In I-Engineering, we have worked collaboratively with teachers and students using participatory design research methods to co-develop and implement energy engineering for sustainable community tools and materials in their classrooms. In this video, we discuss how teachers and students implemented one of our units (“How can I make my classroom more sustainable?”). In the unit, they integrated community ethnography into the engineering design process as a way to engage with community perspectives. Using what they learned about engineering practices and the DCIs of energy transformations, sources and systems, students were supported by teachers in identifying problems meaningful to the classroom and local community, and applying their STEM knowledge to iteratively prototype working solutions. As the teacher of the Occupied group said, “this is one project that will really promote classroom sustainability.” As a student in the Occupied group said, “This was the first time I felt like I could be an engineer.” Our goal is to support teachers and students in developing their agency and identities in engineering while gaining deeper knowledge and practices in science and engineering.
Hi! Im the GET City blogger, Autumn! You can read my blogs here. I am writing to tell you about some of the amazing maker stuff we have done this fall. December 8th was GET City’s ‘POWER TOOL ARCADE’ presentation day! Since the end of October, the kids in GET City have been building arcade games. This way we got to learn how to use different power tools at the same time we learned some science, like forces and motion.
The power tool arcade presentation was for the GET City members to explain why and how they they built their games, and how they play the game. J and M said that they built the bumper pool table so that the younger kids could have a pool table (only the older kids have one at the club). The games were so good and they really worked. Also, when everyone was done presenting their games, all of the kids that came in to watch were able to be able to play the games. The games included Foosball, Skeeball, race track, pukketball, and other games.
Right when everyone left and it was time to clean up, we decided to the manikin challenge. Here is our manikin challenge video!
Day Greenberg recently wrote a blog post about one of our newer GET City members, M*, who was not able to join in the 2014- 2015 GET City session, by virtue of not being in middle school (our grade requirement), but made sure Day knew he would be back. Now that he’s in 6th grade he is an active force in our group. I can completely imagine what M’s persistence to join must have looked like because we see it every session. There were probably six different elementary school-aged youth who regularly come to the door (or come on in and sit right down) to ask if they join GET City today. One elementary youth in particular, L*, and I have a lot of fun talking about WHY she can’t wait to be part of GET City. Her answer is simple, “You guys make awesome stuff!” We regularly talk about the flying shoes she wants to create — she has a clear vision of why she wants to make them, and what she’s going to use them for. Her imagination, her desire to change the way she interacts with her world, and her belief in the potential of science (and GET City) come together in this amazing vision that pulls on the importance and potential of creativity in STEM.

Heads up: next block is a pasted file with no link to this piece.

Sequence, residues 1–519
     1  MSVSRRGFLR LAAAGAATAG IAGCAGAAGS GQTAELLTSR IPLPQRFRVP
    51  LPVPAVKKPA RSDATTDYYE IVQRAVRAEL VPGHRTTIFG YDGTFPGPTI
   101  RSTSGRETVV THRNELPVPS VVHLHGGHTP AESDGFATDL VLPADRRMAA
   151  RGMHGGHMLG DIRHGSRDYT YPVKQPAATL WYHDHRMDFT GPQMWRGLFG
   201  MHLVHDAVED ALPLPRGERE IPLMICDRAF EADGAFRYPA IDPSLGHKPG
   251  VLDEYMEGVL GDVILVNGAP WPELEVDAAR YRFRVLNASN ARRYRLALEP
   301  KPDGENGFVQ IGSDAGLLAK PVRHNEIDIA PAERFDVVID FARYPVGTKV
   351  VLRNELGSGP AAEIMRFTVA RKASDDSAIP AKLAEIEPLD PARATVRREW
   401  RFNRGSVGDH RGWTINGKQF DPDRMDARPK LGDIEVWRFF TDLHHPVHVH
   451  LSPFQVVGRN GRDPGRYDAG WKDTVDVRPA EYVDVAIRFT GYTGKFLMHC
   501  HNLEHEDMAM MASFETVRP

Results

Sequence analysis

Creativity in STEM is getting an increasing amount of attention these days; but it’s a narrow kind of attention. It mostly seems to be coming from business leaders and politicians — from those who want to push innovation because that’s what drives economic development and competition. From these perspectives, the standard bar for creativity (as an idea or product that is both novel and effective) is judged against cultural norms; which means those who can be deemed creative are those already within that culture and that ideas / products will only be judged as creative if they contributed in a way perceived as important to those top dogs who issued the call.
The value of being called “creative” or considering yourself creative is something I’ve long been interested in. Why do so many people think it’s for artists only? What makes it tricky to see the creativity in science? I was recently at a professional development seminar where not one of forty faculty members and graduate students were willing to identify themselves as creative. Who says you have it or don’t? If you don’t have it, who does? These are all questions I look forward to teasing out, but for the purposes of this blog post, I’ll re-focus in on my main question: how can thinking about being creative in STEM expand opportunities for youth voice and agency?
I’m excited to start some conversation groups in the last few months of GET City to see what the youth have to say about creativity in our science and design work — what it looks like to them, where they see it, why they think it’s important, and how we can be better about supporting it. This top-down push for creativity in STEM doesn’t match up with science education; it’s a mis-aimed point: advocating for creativity in our science classes shouldn’t just be about how creativity can push the agendas of those in charge. It should be about the power of creativity to elevate the experiences of those whose expression might otherwise not be recognized as authentic participation in science. Creativity has transformative power for individual’s meaning-making and agency in science — we see this frequently when we ask our youth engineers what their inventions say about them, because two narratives often pop up: 1) “that I care about my community,” and 2) “that I’m a creative person.” I think that speaks volumes about what happens when we support creation. Flying shoes included.
*names withheld for privacy